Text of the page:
Basalt department’s specialized fire truck makes rounds in U.S. |

Basalt department’s specialized fire truck makes rounds in U.S.

Naomi Havlen
Aspen Times Staff Writer

A wild-land fire truck based at the Basalt Fire Department has spent the summer traveling the western United States, working to stop forest fires in their tracks.

A number of Basalt firefighters have brought the truck and their services to the Hayman fire near Denver and fires in Steamboat Springs, New Mexico and Arizona.

Like many local agencies, support was also doled out for the Coal Seam fire in West Glenwood, but the truck was in Mesa Verde when the Missouri Heights fire exploded so close to the department’s own turf.

“People get extremely well-trained on wildfires [when traveling with the truck], and they’re used to working on federal fires so when one comes here, they know what to expect,” said Scott Thompson, Basalt fire chief.

The truck, which was built two years ago from revenue the fire department collected from helping on other federal fires, helps the department financially. The government pays the department $142 an hour for a minimum of eight hours per day each time it travels. The truck cost $60,000 to build.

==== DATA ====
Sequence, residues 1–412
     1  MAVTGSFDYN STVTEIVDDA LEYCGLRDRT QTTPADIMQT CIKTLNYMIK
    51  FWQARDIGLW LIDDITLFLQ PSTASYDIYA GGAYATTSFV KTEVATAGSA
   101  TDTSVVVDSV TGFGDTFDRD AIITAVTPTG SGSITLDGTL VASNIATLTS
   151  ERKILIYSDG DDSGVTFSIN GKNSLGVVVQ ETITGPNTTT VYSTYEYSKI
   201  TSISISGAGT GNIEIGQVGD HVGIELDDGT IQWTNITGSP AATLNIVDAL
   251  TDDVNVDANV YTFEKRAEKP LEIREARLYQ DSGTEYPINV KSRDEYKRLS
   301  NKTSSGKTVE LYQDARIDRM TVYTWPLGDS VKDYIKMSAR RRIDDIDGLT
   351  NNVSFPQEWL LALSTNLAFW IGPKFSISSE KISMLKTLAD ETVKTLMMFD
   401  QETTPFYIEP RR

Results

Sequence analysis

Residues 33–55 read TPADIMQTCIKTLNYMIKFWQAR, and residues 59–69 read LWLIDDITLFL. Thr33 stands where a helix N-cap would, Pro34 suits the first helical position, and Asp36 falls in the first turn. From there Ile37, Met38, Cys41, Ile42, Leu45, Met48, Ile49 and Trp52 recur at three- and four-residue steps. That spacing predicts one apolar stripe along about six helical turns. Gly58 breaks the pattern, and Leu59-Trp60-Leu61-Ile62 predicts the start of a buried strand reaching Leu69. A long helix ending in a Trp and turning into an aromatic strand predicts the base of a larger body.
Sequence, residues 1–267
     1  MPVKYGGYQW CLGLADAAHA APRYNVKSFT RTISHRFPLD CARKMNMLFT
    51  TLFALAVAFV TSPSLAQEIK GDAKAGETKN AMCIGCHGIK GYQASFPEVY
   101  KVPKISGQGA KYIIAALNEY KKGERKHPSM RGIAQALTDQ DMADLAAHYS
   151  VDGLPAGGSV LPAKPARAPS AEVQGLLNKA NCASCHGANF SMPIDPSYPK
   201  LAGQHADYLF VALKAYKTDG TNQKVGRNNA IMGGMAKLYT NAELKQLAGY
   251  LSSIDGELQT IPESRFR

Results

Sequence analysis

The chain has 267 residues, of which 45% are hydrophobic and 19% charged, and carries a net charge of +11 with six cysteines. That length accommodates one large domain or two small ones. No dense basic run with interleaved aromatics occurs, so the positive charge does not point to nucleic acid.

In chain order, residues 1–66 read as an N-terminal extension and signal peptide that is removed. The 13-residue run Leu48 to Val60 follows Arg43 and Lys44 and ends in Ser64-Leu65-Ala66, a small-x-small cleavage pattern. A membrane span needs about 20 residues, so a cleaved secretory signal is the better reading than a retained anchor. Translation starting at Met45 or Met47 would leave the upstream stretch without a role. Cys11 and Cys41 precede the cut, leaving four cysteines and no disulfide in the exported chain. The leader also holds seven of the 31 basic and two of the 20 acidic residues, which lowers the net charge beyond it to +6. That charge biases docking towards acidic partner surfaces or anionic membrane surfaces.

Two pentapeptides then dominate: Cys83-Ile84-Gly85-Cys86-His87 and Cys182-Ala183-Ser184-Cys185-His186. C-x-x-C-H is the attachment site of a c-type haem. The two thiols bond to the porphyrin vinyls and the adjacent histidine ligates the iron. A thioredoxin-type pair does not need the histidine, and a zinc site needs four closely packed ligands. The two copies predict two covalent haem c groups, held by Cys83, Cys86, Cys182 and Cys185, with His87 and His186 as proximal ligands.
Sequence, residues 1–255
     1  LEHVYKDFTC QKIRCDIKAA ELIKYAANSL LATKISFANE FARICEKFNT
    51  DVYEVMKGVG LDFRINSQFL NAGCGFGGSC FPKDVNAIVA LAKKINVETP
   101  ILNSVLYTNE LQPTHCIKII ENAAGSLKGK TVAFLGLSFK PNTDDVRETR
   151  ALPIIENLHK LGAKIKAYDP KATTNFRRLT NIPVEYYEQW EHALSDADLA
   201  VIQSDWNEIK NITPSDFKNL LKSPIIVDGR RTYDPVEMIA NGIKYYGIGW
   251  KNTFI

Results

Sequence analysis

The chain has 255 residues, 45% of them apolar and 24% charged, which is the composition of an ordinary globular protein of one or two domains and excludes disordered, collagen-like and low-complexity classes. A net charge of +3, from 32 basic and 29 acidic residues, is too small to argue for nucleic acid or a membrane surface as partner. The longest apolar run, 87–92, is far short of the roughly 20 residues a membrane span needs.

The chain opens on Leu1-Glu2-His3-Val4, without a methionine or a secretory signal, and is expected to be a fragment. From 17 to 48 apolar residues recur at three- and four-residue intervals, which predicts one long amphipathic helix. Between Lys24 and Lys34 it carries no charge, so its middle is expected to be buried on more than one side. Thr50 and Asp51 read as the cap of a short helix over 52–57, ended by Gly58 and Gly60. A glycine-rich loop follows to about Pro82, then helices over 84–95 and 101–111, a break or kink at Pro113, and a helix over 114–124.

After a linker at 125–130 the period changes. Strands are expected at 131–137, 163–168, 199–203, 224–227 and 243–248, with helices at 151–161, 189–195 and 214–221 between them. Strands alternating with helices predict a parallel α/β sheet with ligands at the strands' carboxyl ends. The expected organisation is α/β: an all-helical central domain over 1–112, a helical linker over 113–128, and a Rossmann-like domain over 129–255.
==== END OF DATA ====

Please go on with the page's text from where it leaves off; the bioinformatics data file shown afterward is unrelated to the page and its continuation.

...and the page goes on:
Firefighter Christine Lapadakis, who has traveled with the truck this summer, said it has a 300-gallon tank and pump system. The truck also carries numerous tools and has room for three firefighters.

The crew and truck recently returned from the Big Fish fire near Meeker.

“We were protecting some structures at a ranch, near Trapper’s Lake ? the Trapper’s Lodge,” said Lapadakis, who was the engine boss for the wild-land truck on that mission. “We sat there for three to four days and watched the fires. We couldn’t do anything because the fire is in a designated wilderness area, so we just watered everything.”

Lapadakis said wind pushed the fire within 200 yards of the cabins being watched over.

“It’s an awesome site to see, watching the fires come through and toward you when you’re just standing there, but you can’t do anything,” she said.

After bulldozers build fire lines, the Basalt crew wets down the area. Last year the truck helped with California’s Highway Complex fire, and in Battle Mountain, Nev.

The truck is used locally ? such as at the Coal Seam fire ? but is not on the first line of defense for the Basalt Fire Department, since it is often traveling during the summer.

“It’s part of our fleet, but not our initial attack fleet, because when it goes away we don’t want to be missing an important piece of equipment,” Thompson said. “If we have such bad fire conditions in this area, we’d hold it here.”

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